Newly-declared 2016 presidential candidate Rand Paul took a shot at the media during a Wednesday campaign appearance in Milford, New Hampshire. An unidentified reporter asked the Kentucky senator about a recent interview he did with the Associated Press that centered on the controversial issue of abortion. Paul replied, "Why don't we ask the DNC: Is it OK to kill a 7-pound baby in the uterus?"
The Republican politician also specifically targeted the head of the DNC: "You go back and go ask Debbie Wasserman Schultz if she's OK with killing a 7-pound baby that's just not born yet. Ask her when life begins, and ask Debbie when she's willing to protect life. When you get an answer from Debbie, come back to me."
The AP's Philip Elliott reported on Senator Paul's blast at the media in his Wednesday write-up on the interview. The correspondent led his item, "AP Interview: Paul won't spell out abortion ban exceptions," by underlining that "Paul, a newly declared Republican presidential candidate, is dodging a central question about abortion: What exceptions, if any, should be made if the procedure were to be banned?"
Elliott continued by outlining the Republican candidate's answers from the interview:
In an interview with The Associated Press on Wednesday, Paul would not say where, in his view, a pregnant woman's rights begin and those of the fetus end.
"The thing is about abortion — and about a lot of things — is that I think people get tied up in all these details of, sort of, you're this or this or that, or you're hard and fast (on) one thing or the other," Paul said.
In the past, Paul has supported legislation that would ban abortion except in cases of rape or incest or to save the mother's life. At other times, he has backed bills seeking a broader abortion ban without those exceptions.
Campaigning in New Hampshire on Wednesday, Paul told the AP that people get too tied up in these details and it's his conviction that "life is special and deserves protection."...
Paul has said previously the issue is too divisive to expect changes in federal abortion law. That has led some religious conservatives to raise questions about his commitment to their cause despite a voting record in their favor.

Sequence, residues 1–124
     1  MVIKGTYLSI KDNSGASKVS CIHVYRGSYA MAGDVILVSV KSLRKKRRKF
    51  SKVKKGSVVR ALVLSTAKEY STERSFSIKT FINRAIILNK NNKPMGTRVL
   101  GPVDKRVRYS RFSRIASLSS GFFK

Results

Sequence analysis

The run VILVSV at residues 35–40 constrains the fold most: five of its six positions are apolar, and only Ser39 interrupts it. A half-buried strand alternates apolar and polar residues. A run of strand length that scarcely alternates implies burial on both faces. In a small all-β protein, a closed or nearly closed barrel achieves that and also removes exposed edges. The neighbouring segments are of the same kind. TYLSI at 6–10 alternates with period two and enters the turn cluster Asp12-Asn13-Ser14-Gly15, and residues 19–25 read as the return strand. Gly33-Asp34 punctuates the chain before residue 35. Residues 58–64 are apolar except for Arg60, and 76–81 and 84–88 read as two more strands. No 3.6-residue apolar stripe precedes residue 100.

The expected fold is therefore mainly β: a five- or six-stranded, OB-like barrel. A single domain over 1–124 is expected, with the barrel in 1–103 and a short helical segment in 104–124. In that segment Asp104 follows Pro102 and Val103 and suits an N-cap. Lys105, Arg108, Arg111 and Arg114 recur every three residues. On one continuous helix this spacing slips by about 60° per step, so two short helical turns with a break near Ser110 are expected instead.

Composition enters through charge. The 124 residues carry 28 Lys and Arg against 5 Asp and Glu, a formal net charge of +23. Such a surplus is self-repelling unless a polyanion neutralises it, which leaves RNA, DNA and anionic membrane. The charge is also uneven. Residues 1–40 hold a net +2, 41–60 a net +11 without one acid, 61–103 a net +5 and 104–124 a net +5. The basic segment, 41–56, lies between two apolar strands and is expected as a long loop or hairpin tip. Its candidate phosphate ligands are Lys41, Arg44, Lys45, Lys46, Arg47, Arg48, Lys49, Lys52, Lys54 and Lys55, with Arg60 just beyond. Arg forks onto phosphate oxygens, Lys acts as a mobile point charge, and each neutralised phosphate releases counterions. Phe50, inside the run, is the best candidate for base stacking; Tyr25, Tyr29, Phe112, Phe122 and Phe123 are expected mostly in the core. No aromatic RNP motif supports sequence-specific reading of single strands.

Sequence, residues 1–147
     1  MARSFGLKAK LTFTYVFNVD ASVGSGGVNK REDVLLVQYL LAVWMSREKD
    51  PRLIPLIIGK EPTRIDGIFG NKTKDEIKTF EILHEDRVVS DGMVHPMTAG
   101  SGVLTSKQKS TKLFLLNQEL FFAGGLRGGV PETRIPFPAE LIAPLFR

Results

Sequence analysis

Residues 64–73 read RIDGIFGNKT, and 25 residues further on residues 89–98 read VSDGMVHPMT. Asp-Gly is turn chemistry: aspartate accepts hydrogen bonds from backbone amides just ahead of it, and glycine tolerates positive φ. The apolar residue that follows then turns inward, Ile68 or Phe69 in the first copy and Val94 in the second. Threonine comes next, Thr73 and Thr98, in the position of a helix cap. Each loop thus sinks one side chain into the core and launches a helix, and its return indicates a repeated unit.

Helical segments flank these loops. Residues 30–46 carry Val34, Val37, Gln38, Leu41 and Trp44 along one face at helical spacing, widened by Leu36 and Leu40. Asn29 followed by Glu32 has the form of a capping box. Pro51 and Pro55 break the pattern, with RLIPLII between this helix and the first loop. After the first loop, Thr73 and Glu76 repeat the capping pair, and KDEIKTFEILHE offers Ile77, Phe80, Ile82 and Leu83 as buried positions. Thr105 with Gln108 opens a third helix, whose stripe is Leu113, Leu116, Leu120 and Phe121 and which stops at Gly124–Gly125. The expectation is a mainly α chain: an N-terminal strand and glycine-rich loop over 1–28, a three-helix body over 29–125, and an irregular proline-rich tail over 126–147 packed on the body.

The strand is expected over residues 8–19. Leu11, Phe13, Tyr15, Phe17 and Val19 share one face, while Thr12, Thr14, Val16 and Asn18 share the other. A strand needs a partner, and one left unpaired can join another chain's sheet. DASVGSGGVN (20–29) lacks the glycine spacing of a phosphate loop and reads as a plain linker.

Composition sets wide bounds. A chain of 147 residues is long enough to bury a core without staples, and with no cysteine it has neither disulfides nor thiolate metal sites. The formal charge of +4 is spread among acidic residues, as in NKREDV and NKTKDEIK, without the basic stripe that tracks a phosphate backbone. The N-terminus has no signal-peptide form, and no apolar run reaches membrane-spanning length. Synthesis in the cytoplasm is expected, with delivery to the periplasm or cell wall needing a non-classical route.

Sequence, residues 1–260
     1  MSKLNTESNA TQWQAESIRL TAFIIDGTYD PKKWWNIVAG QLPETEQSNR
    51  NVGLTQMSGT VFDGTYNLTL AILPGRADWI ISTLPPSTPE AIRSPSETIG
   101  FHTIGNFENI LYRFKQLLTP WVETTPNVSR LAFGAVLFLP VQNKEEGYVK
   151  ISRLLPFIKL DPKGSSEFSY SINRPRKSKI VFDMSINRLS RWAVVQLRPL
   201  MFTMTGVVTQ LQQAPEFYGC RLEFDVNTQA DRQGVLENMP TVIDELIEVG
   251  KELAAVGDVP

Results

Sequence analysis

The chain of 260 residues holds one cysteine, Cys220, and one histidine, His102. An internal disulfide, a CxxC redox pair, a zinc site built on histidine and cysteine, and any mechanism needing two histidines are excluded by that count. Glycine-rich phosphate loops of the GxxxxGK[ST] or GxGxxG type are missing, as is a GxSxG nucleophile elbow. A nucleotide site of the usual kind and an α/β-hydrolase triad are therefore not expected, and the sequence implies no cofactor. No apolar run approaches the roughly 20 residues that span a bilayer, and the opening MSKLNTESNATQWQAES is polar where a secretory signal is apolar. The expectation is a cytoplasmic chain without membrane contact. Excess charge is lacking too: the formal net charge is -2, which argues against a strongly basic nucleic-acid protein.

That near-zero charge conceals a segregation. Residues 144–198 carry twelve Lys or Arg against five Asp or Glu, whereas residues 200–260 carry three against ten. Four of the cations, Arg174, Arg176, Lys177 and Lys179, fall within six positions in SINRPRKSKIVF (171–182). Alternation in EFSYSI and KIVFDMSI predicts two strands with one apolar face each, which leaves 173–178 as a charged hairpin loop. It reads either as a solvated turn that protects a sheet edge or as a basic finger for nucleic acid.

Paul grew testy when pressed in the interview on the question of exceptions. "I gave you about a five-minute answer. Put in my five-minute answer," he said.
The AP journalist also played up that "exceptions in any abortion ban are a politically sensitive topic for Paul and some of his rivals. They want to nudge the party away from a focus on such social issues, but know that winning the nomination requires some backing from religious conservatives who press for strict, if not absolute limits on abortion." Elliott included a quote from a pastor in Iowa who "saw no place for equivocation on the issue."
Later in his article, the correspondent underlined that "abortion policy is a central issue in Republican politics. On Tuesday, Kansas became the first state to ban a common second-trimester abortion procedure that critics describe as dismembering a fetus." "Critics describe"? It's not just the critics who acknowledge this fact. On Tuesday, the New York Times disclosed what is done during the "procedure" in question:
The law does not use medical terminology, and its practical impact is uncertain, some experts said. But it appears to ban or require alteration of the method known as dilation and evacuation, which is used in nearly all abortions after the 12th to 14th week of pregnancy and is seen by many doctors as the safest and most convenient technique for most women. In the procedure, the cervix is dilated with medication and the fetus is removed with forceps, often in parts.
Elliott also included more details from the interview towards the end of his write-up:
In the AP interview, Paul said his test is whether abortion legislation protects life.
"I think the most important thing is the general concept of: Do you support the sanctity of life? Do you think there's something special about life? So you think when we're born that a human baby is different than an animal, that there's something special that is imbued into human life? And I think there is."
He added, "I've supported both bills with and without (exceptions), you know. In general, I am pro-life. So I will support legislation that advances and shows that life is special and deserves protection."...
Polls show that a vast majority of Americans believe abortion should be legal is cases of rape, incest and to protect the life of the mother. Support for exceptions has not been disqualifying in recent Republican presidential primaries....
An eye surgeon by training, Paul said he often examines newborns, some as light as a pound, in neonatal nurseries. Yet a fetus, even weighing more in the womb than a premature baby, is considered to have lesser or no legal rights, he said.
"Nobody really, sort of, questions whether they have rights," Paul said. "They're there, and if you do something to the baby or try to harm a baby in the neonatal nursery, that's murder. Because everyone is in agreement that the baby is alive."
It should be pointed out that Gallup's polling on abortion between 1996 and 2012 has consistently found that only about a quarter of Americans believe that abortion should be legal during the second trimester of pregnancy.